05/29/2024
Free Speech

Freedom of the press or the media is the fundamental principle that communication and expression through various media, including printed and electronic media, primarily published materials, should be considered a right to be exercised freely. Such freedom implies the absence of interference from an overreaching state; its preservation may be sought through the constitution or other legal protection and security.

Without respect to governmental information, any government may distinguish which materials are public or protected from disclosure to the public. State materials are protected for either one of two reasons: the classification of information as sensitive, classified, or secret or the relevance of the information to protecting the national interest. Many governments are also subject to “sunshine laws” or freedom of information legislation that define the ambit of national interest and enable citizens to request access to government-held information.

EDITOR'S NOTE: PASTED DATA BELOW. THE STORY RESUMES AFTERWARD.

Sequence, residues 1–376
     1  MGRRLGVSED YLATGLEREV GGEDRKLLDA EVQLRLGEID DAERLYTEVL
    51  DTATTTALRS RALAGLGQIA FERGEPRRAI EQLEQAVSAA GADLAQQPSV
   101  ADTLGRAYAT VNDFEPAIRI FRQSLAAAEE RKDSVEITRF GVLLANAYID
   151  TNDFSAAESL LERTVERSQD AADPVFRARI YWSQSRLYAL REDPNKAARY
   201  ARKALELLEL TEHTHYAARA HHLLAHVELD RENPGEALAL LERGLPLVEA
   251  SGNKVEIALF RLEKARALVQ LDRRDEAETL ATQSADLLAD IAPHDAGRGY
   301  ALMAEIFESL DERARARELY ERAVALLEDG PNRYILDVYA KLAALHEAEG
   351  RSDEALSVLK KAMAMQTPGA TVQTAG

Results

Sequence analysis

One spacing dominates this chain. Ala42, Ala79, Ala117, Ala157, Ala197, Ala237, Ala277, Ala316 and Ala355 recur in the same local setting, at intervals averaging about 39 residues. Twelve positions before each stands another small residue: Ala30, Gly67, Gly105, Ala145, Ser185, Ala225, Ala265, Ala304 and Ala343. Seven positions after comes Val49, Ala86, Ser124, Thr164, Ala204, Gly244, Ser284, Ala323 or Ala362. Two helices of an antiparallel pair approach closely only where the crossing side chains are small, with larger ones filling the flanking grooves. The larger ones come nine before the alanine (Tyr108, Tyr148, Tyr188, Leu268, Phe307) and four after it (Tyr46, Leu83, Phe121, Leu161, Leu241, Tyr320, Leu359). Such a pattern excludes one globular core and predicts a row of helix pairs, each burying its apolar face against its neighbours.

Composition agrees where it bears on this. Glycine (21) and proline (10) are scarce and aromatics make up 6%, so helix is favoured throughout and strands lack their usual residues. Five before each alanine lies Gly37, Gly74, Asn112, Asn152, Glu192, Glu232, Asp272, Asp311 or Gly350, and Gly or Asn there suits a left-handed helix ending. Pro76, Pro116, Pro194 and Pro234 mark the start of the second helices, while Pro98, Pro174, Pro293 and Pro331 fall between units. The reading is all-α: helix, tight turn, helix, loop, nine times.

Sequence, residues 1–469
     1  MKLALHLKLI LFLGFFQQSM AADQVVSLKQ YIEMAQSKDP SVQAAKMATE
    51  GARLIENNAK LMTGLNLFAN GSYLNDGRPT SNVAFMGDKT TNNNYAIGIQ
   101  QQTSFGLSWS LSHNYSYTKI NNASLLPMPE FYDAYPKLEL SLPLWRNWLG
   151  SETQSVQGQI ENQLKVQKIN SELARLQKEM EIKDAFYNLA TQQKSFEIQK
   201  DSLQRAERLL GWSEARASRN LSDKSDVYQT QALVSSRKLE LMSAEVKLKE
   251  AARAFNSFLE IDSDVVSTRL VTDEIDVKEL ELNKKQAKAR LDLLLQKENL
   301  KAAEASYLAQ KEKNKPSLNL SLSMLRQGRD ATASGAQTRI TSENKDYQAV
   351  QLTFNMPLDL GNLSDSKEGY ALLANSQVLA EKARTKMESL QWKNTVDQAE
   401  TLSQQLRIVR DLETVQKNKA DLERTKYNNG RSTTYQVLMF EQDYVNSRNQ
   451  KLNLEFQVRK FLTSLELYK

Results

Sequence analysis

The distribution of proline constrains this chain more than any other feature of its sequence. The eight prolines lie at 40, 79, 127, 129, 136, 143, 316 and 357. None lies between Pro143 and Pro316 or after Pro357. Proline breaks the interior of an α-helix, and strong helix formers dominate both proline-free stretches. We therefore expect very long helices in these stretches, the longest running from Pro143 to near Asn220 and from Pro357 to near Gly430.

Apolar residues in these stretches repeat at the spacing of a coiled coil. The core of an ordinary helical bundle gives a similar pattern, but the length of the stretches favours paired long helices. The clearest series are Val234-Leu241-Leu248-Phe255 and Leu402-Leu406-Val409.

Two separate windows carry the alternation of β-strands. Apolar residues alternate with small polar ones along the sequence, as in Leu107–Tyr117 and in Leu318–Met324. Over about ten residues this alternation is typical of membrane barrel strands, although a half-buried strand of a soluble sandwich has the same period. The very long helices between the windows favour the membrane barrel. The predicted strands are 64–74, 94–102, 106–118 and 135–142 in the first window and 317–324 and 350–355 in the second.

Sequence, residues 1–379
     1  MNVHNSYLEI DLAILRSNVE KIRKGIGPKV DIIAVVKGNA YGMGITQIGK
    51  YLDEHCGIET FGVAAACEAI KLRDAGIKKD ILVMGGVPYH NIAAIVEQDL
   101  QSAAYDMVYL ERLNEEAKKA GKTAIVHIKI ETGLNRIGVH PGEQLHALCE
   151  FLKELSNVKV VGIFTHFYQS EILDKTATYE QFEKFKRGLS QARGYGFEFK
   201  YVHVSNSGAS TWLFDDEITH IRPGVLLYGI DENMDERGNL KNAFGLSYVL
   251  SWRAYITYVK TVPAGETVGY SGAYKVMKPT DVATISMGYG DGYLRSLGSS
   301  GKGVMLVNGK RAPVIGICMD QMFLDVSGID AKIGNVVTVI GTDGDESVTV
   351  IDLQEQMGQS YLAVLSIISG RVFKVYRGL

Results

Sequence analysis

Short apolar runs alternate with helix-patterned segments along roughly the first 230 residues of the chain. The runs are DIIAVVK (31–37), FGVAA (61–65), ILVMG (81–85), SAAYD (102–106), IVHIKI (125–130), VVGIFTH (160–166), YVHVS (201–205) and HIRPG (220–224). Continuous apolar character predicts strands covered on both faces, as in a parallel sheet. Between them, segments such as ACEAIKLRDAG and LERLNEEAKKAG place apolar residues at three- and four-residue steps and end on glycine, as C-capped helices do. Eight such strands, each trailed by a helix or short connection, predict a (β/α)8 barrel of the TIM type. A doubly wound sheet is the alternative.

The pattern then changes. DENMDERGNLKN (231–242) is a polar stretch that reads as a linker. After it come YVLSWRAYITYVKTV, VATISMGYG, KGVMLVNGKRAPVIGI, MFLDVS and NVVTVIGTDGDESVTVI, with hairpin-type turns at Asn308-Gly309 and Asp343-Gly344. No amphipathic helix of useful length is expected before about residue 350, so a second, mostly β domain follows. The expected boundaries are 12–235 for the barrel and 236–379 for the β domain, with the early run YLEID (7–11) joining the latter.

The United Nations‘ 1948 Universal Declaration of Human Rights states: “Everyone has the right to freedom of opinion and expression; this right includes freedom to hold opinions without interference, and to seek, receive, and impart information and ideas through any media regardless of frontiers”.

This philosophy is usually accompanied by legislation ensuring various degrees of freedom of scientific research (known as scientific freedom), publishing, and the press. The depth to which these laws are entrenched in a country’s legal system can go as far down as its constitution. The concept of freedom of speech is often covered by the same laws as freedom of the press, thereby giving equal treatment to spoken and published expression. Freedom of the media was formally established in Great Britain with the lapse of the Licensing Act in 1695. Sweden was the first country in the world to adopt freedom of the press into its constitution with the Freedom of the Press Act of 1766.

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